The Supreme Court has held that while the government bears the burden of proof in a motion to suppress statements allegedly obtained in violation of the Miranda doctrine, the trial judge may admit those statements if the government can establish voluntariness of the statements by the preponderance of the evidence. Colorado v. Connelly, 479 U.S. 157, 168-69 (1986). Lego v. Twomey, 404 U.S. 477, 482 (1972).

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The trial court denied the motion to suppress after hearing the testimony of three Kentucky State Police officers and Mills. Two officers testified that Mills was advised of his constitutional rights, while the third testified that he was not aware of whether the other officers advised Mills of his rights because he was securing the area and not in a position to hear the communications between Mills and the other officers. Mills denied receiving Miranda warnings and denied making incriminating statements. In denying defendants motion to suppress, the trial court judged the credibility of the witnesses and made a finding of fact based on the preponderance of the evidence to resolve the conflicting testimony. As this court has previously held, "great deference is afforded the trier of fact because of its ability to observe the witnesses' demeanor. Resolution of testimonial conflicts and specific findings of fact by the trial court will not be disturbed on appeal unless it is clear from the record that an error has been committed." United States v. Brown, 557 F.2d 541, 547 (6th Cir.1977). Accordingly, the district court did not err by refusing to grant defendant's motion to suppress.



Mills also claims that the district court erred by permitting the prosecutor to make the following statement in his closing rebuttal argument:


Fourthly, Mr. Crabtree makes all of this big issue about whether or not Mr. Mills was advised of his rights before he made all of these statements. Well, I can tell you this, ladies and gentlemen, if those statements were not proper statements, they would not have been allowed into evidence by the court. And the judge is like a referee in the basketball game, he decides what you can and what you can't do and he makes the rulings. So I would tell you that those statements, the testimony of those officers, are before you for your consideration. Now, if you don't believe the policemen, if you think Thomas McKnight lied or didn't tell you the truth or you think Officer Collins back there didn't tell the truth, if that's what you think you have a right to do that. But the statements are before you and they testified about them and you can consider them.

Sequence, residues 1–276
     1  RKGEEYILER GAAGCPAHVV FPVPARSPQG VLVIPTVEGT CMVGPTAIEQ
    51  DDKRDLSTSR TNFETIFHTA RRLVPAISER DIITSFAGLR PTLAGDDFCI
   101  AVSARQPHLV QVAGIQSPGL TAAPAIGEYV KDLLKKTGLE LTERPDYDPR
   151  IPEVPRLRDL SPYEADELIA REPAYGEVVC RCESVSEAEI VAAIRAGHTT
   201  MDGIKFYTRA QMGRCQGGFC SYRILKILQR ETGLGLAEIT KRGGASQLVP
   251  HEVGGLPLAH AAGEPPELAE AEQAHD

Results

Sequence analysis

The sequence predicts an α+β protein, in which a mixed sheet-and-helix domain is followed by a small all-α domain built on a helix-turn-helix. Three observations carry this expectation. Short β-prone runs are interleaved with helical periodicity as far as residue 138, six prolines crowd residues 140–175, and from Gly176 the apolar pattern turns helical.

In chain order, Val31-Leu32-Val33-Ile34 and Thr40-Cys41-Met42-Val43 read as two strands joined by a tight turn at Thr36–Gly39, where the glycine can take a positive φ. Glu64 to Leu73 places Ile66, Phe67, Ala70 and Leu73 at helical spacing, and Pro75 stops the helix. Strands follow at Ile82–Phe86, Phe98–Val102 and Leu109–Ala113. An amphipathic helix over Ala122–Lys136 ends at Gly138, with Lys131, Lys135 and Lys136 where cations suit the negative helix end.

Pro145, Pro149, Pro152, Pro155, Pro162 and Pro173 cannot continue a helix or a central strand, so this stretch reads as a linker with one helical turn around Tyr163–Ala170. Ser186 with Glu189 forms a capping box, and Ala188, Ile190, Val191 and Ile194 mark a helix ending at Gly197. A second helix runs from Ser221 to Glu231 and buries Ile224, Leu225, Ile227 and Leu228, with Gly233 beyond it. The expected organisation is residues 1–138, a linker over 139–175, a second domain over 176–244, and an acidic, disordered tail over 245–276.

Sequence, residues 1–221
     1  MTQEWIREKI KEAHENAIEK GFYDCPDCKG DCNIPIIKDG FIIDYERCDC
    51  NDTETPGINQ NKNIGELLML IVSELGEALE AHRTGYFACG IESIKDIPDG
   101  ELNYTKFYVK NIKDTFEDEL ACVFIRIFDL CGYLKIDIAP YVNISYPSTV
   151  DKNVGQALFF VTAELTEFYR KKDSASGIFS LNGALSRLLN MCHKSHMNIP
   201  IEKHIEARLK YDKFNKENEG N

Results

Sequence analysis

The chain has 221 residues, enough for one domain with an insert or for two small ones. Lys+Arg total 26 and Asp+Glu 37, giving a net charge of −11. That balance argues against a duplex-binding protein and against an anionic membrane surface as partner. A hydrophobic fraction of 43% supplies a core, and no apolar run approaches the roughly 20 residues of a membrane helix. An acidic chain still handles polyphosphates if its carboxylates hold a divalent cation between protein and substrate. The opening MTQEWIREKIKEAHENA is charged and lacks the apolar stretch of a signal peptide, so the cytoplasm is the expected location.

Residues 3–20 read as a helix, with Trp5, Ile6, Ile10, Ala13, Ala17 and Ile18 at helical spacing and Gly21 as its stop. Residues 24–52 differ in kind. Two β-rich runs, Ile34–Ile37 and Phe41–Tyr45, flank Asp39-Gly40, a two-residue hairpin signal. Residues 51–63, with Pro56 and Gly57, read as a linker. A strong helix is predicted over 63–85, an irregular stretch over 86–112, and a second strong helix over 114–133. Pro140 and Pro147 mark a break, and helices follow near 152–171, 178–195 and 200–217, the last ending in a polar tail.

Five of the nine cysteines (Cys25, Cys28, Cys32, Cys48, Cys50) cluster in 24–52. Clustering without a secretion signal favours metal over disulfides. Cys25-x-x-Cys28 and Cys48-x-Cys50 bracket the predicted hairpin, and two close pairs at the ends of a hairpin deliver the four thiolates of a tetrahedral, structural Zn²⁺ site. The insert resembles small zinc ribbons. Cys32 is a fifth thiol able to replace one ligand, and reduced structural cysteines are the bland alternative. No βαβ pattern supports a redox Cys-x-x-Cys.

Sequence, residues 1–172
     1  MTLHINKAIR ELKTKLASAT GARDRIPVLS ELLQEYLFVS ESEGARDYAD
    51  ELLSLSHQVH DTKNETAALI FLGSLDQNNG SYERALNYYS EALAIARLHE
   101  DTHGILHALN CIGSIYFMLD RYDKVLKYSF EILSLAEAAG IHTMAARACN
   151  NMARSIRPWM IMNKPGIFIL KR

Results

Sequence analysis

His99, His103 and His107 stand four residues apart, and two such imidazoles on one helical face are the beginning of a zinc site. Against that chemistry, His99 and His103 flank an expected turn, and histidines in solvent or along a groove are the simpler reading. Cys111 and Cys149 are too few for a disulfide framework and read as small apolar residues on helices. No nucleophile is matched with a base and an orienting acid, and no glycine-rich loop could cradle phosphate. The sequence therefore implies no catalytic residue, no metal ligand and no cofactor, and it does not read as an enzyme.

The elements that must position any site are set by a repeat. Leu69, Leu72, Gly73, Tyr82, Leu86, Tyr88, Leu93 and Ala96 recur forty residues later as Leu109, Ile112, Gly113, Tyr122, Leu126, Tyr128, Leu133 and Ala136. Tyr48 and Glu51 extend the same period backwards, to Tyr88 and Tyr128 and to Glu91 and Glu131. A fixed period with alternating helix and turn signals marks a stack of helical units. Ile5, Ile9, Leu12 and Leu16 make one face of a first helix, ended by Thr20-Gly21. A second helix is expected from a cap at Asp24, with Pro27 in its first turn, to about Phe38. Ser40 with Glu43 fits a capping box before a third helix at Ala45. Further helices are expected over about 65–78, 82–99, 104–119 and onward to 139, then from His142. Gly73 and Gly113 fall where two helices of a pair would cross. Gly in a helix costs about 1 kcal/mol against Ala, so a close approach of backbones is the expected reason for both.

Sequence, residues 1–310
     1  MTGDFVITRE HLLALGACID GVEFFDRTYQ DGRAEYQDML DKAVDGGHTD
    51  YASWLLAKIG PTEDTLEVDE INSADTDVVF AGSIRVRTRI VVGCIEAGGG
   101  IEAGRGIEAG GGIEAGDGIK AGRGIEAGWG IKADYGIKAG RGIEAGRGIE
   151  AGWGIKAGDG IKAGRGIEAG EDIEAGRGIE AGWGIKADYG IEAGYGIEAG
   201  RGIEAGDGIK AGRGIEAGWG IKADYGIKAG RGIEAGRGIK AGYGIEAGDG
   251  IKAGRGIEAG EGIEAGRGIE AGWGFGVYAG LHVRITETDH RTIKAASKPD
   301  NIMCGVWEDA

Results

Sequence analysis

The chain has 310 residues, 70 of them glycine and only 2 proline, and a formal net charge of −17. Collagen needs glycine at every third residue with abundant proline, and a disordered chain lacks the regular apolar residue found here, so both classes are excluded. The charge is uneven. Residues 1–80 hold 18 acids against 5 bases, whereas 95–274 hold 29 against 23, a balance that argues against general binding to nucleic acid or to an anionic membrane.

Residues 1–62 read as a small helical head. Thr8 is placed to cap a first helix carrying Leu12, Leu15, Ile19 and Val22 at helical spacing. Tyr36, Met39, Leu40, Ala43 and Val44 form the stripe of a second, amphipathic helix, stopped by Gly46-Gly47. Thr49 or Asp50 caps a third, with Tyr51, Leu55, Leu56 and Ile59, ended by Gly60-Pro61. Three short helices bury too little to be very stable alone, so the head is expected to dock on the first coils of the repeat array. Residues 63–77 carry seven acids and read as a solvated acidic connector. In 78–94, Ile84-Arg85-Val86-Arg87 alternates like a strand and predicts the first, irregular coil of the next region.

The defense counsel's objection to these remarks was overruled.

The Supreme Court has held that:


a criminal conviction is not lightly overturned on the basis of a prosecutor's comments standing alone, for the statement or conduct must be viewed in context; only by so doing can it be determined whether the prosecutor's conduct affected the fairness of the trial. To help resolve this problem courts have invoked what is sometimes called the "invited reply" rule, which the Court treated in Lawn v. United States, 355 U.S. 339 (1958).


United States v. Young, 470 U.S. 1, 11 (1985). During closing argument defense council attacked the officers' credibility by suggesting that their statements were inconsistent. Because the prosecutor's rebuttal statements were "invited and did no more than respond substantially in order to 'right the scale,' such comments would not warrant reversing a conviction." Young, 470 U.S. at 13. Accordingly, the district court did not err by permitting the prosecutor's statements.


For all the foregoing reasons, we AFFIRM.